“There’s a special bravery and courageousness in the air, and I think it is present in and among artists as well,” says Rujeko Hockley, the Whitney Museum of American Art’s assistant curator. Last Friday for Juneteenth — which commemorates the official end of slavery in the United States — Hockley partnered with Instagram to put on a virtual show of Black protest art.
The show featured exclusive posters and illustrations, both historical and new, that tell the story of Black protest art and design over time from artists like Nina Abney, Alexandra Bowman, Melissa Koby, Temi Coker, and Nikkolas Smith. Instagram shared the images across its @Instagram and @design pages, making them accessible to over 350 million people.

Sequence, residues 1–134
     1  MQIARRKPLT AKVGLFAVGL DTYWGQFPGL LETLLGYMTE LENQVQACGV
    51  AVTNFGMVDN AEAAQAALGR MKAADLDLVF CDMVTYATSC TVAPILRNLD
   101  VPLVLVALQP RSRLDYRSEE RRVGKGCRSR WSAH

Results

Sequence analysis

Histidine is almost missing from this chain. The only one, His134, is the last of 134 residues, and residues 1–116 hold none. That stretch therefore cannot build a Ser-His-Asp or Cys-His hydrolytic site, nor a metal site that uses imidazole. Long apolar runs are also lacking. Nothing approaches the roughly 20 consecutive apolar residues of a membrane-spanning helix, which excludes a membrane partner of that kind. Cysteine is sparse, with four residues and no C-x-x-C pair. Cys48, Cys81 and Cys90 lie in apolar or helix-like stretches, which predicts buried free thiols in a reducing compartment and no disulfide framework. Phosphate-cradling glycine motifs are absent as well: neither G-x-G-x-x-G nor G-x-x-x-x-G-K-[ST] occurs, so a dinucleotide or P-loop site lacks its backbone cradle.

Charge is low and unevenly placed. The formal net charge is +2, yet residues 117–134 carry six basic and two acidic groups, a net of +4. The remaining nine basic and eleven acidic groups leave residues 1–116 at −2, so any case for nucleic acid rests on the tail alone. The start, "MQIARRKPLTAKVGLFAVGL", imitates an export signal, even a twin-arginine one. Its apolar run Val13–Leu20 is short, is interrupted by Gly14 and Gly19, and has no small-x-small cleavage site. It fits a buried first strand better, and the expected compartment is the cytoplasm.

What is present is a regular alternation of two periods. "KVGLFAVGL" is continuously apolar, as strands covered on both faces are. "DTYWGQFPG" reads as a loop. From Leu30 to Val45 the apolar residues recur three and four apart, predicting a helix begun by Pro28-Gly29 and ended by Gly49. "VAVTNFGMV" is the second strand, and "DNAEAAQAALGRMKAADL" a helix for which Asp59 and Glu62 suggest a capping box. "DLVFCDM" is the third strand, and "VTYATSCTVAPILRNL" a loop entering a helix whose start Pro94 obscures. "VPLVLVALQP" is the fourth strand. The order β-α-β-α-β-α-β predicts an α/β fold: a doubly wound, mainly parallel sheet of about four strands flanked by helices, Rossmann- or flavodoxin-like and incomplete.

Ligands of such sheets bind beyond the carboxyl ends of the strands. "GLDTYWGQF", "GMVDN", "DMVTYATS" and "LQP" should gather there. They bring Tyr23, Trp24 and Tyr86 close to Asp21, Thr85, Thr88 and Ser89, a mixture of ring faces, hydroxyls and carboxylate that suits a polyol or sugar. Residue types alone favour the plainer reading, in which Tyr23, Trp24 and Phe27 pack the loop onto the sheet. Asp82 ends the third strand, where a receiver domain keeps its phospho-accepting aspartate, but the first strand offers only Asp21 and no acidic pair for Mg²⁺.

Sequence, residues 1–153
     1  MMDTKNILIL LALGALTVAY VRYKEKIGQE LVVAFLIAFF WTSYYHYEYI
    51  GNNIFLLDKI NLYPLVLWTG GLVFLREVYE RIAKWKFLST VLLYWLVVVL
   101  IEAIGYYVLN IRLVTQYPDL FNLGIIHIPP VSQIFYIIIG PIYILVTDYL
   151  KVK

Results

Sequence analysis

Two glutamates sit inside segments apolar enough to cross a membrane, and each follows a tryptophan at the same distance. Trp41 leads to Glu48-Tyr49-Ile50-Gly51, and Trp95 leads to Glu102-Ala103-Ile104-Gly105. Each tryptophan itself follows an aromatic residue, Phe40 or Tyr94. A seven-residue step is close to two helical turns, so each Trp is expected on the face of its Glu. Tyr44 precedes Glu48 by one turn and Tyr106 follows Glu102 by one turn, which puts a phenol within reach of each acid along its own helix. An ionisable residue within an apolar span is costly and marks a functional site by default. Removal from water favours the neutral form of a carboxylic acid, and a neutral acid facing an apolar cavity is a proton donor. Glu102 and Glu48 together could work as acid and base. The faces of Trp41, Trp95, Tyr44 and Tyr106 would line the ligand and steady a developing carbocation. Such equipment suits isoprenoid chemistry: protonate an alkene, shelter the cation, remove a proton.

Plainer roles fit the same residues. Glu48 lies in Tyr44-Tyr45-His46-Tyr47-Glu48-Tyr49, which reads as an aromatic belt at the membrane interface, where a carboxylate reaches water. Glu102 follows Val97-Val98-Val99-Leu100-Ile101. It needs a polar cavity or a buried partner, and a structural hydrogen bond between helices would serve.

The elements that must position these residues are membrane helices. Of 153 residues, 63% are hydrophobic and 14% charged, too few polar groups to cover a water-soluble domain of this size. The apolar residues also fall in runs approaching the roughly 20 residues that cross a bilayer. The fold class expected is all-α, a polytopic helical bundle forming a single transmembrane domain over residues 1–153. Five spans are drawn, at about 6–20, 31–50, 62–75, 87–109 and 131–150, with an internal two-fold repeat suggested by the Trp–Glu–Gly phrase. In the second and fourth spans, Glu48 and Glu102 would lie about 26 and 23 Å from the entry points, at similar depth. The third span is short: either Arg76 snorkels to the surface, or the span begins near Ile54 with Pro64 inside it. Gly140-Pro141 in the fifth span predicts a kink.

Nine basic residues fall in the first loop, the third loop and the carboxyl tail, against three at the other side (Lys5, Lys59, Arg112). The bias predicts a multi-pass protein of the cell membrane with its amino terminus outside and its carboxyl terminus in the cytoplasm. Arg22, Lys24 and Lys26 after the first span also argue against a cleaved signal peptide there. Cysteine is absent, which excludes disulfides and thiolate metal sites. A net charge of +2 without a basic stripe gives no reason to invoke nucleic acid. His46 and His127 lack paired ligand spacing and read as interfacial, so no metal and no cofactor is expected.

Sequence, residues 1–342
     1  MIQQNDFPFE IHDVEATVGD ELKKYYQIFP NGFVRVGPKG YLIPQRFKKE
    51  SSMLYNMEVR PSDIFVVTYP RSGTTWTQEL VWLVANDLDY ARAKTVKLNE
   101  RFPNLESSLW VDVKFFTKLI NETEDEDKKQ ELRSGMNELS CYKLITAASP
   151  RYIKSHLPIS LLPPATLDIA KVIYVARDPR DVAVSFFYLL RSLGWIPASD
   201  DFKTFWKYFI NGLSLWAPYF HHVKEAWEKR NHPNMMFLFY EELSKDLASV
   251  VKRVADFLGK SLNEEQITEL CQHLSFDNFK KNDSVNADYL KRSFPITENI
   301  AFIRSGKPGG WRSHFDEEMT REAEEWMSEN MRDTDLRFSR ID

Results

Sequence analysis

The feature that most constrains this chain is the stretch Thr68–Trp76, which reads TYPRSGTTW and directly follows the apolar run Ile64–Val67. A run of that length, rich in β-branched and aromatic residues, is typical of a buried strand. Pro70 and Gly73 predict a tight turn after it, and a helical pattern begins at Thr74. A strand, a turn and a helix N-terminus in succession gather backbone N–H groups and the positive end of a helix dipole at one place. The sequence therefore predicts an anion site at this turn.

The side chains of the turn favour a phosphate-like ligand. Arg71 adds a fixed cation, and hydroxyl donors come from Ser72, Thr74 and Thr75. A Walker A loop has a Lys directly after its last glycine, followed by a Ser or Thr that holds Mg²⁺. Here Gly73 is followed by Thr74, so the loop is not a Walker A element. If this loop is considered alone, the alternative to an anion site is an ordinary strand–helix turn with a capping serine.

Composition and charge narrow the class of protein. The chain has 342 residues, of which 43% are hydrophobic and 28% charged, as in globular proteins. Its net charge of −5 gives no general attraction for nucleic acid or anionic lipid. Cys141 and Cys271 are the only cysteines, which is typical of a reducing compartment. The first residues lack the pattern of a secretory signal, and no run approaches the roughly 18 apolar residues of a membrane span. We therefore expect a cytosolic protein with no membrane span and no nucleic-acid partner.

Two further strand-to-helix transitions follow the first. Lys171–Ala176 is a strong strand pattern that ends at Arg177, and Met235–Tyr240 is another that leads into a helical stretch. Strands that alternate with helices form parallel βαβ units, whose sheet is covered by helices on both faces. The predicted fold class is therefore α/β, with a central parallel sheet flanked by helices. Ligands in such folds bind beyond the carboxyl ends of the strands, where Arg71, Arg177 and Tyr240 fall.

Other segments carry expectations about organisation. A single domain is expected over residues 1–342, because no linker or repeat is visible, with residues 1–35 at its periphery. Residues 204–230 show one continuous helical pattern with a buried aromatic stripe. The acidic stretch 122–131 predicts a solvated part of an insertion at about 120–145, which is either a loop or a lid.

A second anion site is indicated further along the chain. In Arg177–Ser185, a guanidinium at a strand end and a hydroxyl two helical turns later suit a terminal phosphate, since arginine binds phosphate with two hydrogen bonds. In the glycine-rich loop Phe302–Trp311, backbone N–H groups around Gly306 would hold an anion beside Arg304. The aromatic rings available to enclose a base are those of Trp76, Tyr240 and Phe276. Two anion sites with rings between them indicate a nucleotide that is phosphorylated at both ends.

Hockley wanted the show to speak to this truly unprecedented moment, when the inequalities revealed during quarantine have combined with a global Black Lives Matter movement for social change. “I think we are seeing folks take to the streets with this changed outlook. Art takes time, and sometimes you need that time to reflect,” says Hockley.
According to Hockley, art extends our vision, literally and figuratively, allowing us to see our society and culture — past, present, and future — in a new light and through new eyes. “Protest operates similarly, albeit more emphatically,” she told the Cut. “Both force us to think expansively, beyond pure logic or past precedent. As the rallying cry goes, another world is possible; we only need imagine it. Art and protest, both, help us do this ‘freedom dreaming.’”